• Merger with CPI on cards: CPI(M) General Secretary Sitaram Yechury – Indian Express
  • Its strength considerably depleted, CPI likely to elect new general secretary at 24th party congress – Times of India
  • It is time for Left reunification, says Binoy Viswam – Onmanorama
  • CPI will formulate alternative economic programmes at party congress, says D. Raja – The Hindu
  • CPI’s national meet to kickstart today, focus on ‘bringing like-minded forces’ – Hindustan Times
  • Combat Hindutva threat to secularism: CPI – New Indian Express
  • Left behind? – Times of India

What is your opinion on this?
(Only subscribers can participate in polls)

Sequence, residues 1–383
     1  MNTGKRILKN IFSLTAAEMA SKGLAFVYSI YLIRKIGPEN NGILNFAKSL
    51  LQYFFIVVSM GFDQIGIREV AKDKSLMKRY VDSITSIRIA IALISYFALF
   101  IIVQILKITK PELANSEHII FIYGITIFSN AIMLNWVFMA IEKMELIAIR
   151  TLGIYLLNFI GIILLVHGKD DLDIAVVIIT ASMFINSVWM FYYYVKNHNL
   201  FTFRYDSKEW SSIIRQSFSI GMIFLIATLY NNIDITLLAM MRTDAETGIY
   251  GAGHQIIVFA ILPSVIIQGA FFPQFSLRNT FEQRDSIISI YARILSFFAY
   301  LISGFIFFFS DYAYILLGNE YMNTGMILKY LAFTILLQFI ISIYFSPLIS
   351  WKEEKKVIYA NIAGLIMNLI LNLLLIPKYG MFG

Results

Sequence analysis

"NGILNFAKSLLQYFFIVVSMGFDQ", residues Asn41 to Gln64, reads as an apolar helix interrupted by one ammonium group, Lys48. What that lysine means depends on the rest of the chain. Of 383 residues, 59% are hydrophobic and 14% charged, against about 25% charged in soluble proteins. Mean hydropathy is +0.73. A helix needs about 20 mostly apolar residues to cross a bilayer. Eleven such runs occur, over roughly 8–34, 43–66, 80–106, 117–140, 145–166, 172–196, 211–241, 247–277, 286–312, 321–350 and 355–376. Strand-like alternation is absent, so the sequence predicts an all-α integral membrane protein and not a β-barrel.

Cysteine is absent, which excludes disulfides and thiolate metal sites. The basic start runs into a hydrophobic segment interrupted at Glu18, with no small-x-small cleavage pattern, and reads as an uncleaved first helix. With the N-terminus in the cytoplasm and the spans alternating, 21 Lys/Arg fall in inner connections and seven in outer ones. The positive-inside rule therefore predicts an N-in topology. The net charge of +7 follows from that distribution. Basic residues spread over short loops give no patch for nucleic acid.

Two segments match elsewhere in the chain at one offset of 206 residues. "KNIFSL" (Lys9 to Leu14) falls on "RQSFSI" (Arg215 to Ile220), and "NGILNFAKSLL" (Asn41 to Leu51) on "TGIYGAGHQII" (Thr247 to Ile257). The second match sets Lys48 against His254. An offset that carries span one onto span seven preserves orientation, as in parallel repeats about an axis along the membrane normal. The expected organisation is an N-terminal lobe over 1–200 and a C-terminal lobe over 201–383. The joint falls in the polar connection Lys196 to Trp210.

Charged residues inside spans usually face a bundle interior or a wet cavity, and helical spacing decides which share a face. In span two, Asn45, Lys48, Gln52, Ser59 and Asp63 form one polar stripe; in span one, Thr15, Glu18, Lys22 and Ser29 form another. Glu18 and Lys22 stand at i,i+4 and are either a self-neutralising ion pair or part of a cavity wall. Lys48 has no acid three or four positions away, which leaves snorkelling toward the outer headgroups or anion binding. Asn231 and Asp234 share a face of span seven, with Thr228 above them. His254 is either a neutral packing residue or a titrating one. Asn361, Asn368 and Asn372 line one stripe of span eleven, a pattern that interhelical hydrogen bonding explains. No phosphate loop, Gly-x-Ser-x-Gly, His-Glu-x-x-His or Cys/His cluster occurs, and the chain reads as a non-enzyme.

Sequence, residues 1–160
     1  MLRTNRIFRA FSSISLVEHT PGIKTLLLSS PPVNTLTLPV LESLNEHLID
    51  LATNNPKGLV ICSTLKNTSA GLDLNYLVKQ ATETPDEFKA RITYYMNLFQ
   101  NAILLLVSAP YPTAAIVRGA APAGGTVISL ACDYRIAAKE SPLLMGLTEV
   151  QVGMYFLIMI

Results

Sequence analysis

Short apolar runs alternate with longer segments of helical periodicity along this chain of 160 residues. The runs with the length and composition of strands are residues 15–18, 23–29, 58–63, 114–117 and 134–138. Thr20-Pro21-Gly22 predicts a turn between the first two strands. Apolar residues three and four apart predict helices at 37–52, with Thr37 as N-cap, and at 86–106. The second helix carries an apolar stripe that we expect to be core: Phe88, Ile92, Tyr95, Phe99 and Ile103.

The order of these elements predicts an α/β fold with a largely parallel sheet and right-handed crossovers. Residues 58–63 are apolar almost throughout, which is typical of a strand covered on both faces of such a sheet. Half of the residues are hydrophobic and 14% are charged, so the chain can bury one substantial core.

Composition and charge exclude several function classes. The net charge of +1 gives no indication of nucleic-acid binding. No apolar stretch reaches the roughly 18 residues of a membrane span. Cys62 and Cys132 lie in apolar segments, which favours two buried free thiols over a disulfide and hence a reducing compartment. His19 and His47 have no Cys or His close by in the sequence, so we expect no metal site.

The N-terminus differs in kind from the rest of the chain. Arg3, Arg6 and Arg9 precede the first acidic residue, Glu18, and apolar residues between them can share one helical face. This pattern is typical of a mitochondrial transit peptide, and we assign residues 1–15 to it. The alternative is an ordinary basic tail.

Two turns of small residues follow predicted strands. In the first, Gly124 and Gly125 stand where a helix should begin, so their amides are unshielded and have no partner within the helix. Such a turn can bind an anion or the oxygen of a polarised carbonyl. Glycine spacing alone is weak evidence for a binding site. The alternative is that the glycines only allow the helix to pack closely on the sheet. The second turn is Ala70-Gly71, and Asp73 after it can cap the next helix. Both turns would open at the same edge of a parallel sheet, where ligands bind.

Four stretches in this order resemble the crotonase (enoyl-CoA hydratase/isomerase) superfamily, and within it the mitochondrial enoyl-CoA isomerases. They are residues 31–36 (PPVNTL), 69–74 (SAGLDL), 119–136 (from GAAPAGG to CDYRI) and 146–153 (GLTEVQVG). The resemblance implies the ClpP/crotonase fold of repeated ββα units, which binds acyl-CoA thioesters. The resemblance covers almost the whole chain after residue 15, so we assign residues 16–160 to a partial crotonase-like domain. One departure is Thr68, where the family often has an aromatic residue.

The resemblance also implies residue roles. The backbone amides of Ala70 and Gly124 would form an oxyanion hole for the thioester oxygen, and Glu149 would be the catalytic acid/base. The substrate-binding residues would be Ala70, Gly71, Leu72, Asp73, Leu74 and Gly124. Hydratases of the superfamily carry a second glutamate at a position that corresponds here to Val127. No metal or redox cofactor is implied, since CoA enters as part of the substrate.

a) The CPI can regain its political and electoral influence.

b) The CPI won’t be able to regain its political and electoral influence.


For the Right:

Why India Must Move Past Its Ambivalent Secularism Towards The Notion Of A Uniform Citizenship

For the Left:

India’s Economic Resilience Despite A Global Crisis Makes The World Take Lessons


Global City project hurdle (Haryana) – The state government’s plan to showcase its ambitious Global City project to international investors has hit a snag. A couple of officials from the agency developing it have been suspended for not informing the government about the litigious status of parts of Garhi Harsaru and adjoining land in Gurugram where it will be built. Chief Minister Manohar Lal Khattar led a delegation to the UAE seeking investments for the project.

Why it matters: The Global City will cover more than 1,080 acres out of 1,383 acres in Garhi Harsaru and adjoining villages. In 2006, these were transferred by the Haryana State Industrial and Infrastructure Development Corporation (HSIIDC) to Reliance Haryana to set up an SEZ. In 2013, Haryana asked Reliance to return it after the Gurugram SEZ couldn’t be developed even after 6 years.